The GEOSCOPE network reached about 20 stations at the end of the 1980s (Figure 5) and evolved with technological improvements moving to stations with additional environmental recordings such as pressure (Montagner et al., 1998) that became progressively available (Roult et al., 2010). By January 2021, the network had expanded to 33 stations, most of which were operating Streckeisen STS-1 seismometers. Secondary broadband and/or strong motion sensors, together with environmental sensors, have been added to most of the GEOSCOPE stations. At the beginning of operation of the GEOSCOPE network, the full output of the STS-1 VBB could not be used, as current recording systems were unable to digitize the entire seismic signal. Storage capacity was also an issue and two separate recordings were used for continuous long period signals (sampled at 0.1 Hz) and for time windows following large earthquakes (sampled at 5 Hz). These limitations motivated the development of a true 24-bit digitizer combined with adequate storage, to record the entire dynamic range of these new sensors. These advances would provide a path for seismologists to utilize a single data stream to record most of the seismic wavefield of interest from frequencies as high as 5 Hz down to about once per day, for example, Earth tides (Figure 6). Between these two extremes it also becomes possible to record normal modes (100–3,000 s period, orange) which entail the excitation of the entire Earth after large earthquakes. Similar, but constantly excited Earth hum, by way of ocean processes, can be observed in the 50–300 s band (green) and is the excitation of seismic energy through atmospheric processes. Primary oceanic microseisms (6–25 s, pink), secondary oceanic microseisms (3–12.5 s period, brown), and earthquakes at various distances (gray) are also shown.

Details are in the caption following the image

GEOSCOPE network (network code G) in 1990 and 2020.

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Fundamentals of Earth's seismic acceleration power spectral density and corresponding broadband instrumentation dynamic ranges. The effective dynamic range of the very broadband (VBB) Streckeisen STS-1 seismometer (Ringler & Hutt, 2010) is shown in purple. The effective dynamic range of the Kinemetrics Episensor strong motion accelerometer (Ringler, Evans, & Hutt, 2015) is shown in gray. The Peterson (1993) New Low- and High-Noise Models (NLNM/NHNM), based on global broadband seismic background observations, are shown in black. We have also included the secondary oceanic microseism region (brown), the primary oceanic microseism region (pink), the Earth hum band (green), the normal mode band (orange), and the Earth tide region (blue). Fourier amplitude spectra produced from teleseismic earthquakes observed at a range of ∼3,000 km are shown in light gray, from the near-field (∼10 km) earthquakes are shown in gray, and from intermediate distance (∼100 km) earthquakes are shown in dark gray (Clinton & Heaton, 2002). Finally, the event Fourier amplitude spectrum from GSN station MDJ (Mudanjiang, Heilongjiang Province, China), located 366 km from the 2017 North Korea Mw 6.3 underground nuclear explosion, is shown in green.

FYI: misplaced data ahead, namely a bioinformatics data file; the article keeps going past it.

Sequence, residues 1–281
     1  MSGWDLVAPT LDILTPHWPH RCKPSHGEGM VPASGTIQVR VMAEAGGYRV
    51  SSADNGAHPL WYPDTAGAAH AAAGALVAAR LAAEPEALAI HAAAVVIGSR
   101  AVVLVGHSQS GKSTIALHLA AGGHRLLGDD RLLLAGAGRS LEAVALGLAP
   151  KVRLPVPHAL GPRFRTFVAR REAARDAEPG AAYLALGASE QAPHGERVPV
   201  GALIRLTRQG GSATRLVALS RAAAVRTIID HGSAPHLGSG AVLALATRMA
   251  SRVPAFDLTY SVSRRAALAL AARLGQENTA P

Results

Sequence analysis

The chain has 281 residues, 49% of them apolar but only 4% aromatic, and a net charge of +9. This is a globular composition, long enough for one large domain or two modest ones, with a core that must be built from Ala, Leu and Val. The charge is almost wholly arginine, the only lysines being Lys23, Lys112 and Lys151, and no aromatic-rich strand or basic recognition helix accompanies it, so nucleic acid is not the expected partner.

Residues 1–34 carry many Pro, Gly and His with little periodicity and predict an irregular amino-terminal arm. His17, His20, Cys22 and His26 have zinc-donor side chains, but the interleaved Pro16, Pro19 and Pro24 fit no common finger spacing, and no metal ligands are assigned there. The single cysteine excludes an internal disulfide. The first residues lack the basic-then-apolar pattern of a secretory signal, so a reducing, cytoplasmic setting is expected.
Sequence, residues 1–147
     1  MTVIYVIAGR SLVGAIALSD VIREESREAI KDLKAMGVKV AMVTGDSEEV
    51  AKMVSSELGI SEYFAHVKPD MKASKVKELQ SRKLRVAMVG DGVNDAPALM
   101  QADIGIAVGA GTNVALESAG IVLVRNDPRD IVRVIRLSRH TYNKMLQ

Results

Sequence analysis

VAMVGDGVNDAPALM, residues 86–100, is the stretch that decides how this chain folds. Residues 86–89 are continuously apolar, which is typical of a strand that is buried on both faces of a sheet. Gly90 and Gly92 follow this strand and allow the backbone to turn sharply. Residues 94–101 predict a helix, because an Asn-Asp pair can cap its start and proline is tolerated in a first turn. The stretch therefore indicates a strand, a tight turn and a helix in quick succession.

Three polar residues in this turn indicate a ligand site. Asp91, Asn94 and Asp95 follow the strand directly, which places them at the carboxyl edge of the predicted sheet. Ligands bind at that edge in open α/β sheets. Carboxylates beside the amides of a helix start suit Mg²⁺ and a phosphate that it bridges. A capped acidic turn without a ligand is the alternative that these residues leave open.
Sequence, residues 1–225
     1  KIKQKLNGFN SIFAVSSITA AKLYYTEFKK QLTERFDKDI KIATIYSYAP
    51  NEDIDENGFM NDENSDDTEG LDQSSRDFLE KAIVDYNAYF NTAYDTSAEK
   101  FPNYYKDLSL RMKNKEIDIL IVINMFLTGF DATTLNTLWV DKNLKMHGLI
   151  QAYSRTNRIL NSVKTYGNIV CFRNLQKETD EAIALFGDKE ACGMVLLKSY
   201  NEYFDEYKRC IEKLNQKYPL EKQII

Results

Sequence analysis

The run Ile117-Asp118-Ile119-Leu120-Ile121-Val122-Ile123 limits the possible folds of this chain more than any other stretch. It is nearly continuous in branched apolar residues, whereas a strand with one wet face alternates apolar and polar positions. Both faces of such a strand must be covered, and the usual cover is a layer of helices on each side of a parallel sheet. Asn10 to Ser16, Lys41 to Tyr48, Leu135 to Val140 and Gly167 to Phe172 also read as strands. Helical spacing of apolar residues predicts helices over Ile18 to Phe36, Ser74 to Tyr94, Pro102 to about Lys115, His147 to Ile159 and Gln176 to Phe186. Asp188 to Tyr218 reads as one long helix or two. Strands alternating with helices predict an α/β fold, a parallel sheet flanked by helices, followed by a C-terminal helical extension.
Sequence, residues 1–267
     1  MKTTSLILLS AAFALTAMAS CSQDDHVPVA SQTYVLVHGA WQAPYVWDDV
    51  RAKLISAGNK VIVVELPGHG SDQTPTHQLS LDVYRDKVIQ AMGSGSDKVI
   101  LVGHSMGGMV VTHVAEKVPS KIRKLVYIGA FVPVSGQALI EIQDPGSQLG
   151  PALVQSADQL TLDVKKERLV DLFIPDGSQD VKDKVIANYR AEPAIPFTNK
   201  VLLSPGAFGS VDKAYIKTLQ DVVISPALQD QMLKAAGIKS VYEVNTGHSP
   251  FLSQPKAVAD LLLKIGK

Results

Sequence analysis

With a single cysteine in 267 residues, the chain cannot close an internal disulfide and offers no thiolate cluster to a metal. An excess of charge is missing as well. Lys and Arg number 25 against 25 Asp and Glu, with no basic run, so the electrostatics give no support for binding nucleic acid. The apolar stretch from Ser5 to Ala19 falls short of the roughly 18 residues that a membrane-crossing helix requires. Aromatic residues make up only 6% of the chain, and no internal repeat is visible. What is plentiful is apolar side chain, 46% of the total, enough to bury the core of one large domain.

2.2 The Global Seismographic Network

The early success of GEOSCOPE highlighted the limitations of the concurrently operating global networks in the early 1980s. The 150 station GSN network was proposed with near-real time telemetry in the 1984 Incorporated Research Institutions for Seismology (IRIS) “Rainbow” proposal (IRIS, 1984; Smith, 1986). The proposal articulated a community facility, an instrument pool to allow scientists access to portable instruments (Aster et al., 2005), a data center and system for archiving and distributing seismic data, and plans for the GSN. Although specific GSN instrumentation had not been decided on at the time, a proof-of-concept station with a 24-bit digitizer and VBB Streckeisen STS-1 installed at the Harvard University, was showing great promise in being able to provide very wide band seismic data. Around this same time the ability to send data over the internet using the “Dial-A-broadband-Seismogram” approach was also being developed to transmit near real-time data (Steim, 1987). This prototype station ultimately became the design inspiration for the GSN with the prototype 24-bit digitizer evolving into the Quanterra Q680. The Q680 employed a compression algorithm, which utilized taking the differences between consecutive discrete samples, now known as STEIM-1 compression (Ahern et al., 2012). This reduced the throughput of telemetered seismic data, as well as its subsequent archival, and allowed IRIS to substantially modify a plan of uniform satellite telemetry by widely realizing GSN data communications over the early Internet. Largely using the existing station locations from the IDA and GDSN networks, GSN stations began being deployed in the late 1980s (Peterson & Hutt, 1989), with many becoming operational by the mid-1990s with the large-scale footprint of the network approaching that of 2021 (Figure 7).

Details are in the caption following the image

(a) The Global Seismographic Network as of 2021 with stations colored by primary (location code 00) sensor type. The network includes the Incorporated Institutions for Seismology (IRIS)/International Deployment of Accelerometers (network code II), the IRIS/USGS network (network code IU), the USGS Caribbean network (network code CU), and the New China Digital Seismograph Network (network code IC). (b) Nanometrics T-360 GSN sensor (red); (c) Nanometrics T-120 borehole sensor (purple); (d) Streckeisen STS-6 sensor (orange); (e) Streckeisen STS-1 sensor (blue); and (f) GeoTech KS-54000 sensor (green). These instruments range from a height of approximately 16 cm (e) to 2 m (f) and are not shown to scale. Figure modified from Ringler, Anthony, Davis, et al. (2022).